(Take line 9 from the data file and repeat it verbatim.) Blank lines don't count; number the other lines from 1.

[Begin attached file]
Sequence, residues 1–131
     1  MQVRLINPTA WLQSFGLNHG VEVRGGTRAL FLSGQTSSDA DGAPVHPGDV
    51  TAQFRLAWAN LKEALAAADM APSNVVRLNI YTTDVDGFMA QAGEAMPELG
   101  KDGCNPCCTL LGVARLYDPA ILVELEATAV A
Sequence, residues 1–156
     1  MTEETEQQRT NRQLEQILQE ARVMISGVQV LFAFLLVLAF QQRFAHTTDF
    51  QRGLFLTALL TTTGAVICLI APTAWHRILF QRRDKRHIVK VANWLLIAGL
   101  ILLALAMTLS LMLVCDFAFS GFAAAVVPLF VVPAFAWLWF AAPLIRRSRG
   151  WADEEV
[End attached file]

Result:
   151  WADEEV